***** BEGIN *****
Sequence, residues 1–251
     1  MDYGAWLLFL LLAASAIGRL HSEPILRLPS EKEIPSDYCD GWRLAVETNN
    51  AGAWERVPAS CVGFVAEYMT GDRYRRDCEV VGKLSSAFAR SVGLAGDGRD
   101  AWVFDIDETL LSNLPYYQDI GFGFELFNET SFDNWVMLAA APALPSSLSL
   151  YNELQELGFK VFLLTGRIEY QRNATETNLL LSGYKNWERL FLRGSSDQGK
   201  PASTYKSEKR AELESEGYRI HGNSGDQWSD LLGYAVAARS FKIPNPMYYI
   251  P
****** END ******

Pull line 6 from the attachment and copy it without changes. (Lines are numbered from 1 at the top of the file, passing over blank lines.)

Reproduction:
   201  PASTYKSEKR AELESEGYRI HGNSGDQWSD LLGYAVAARS FKIPNPMYYI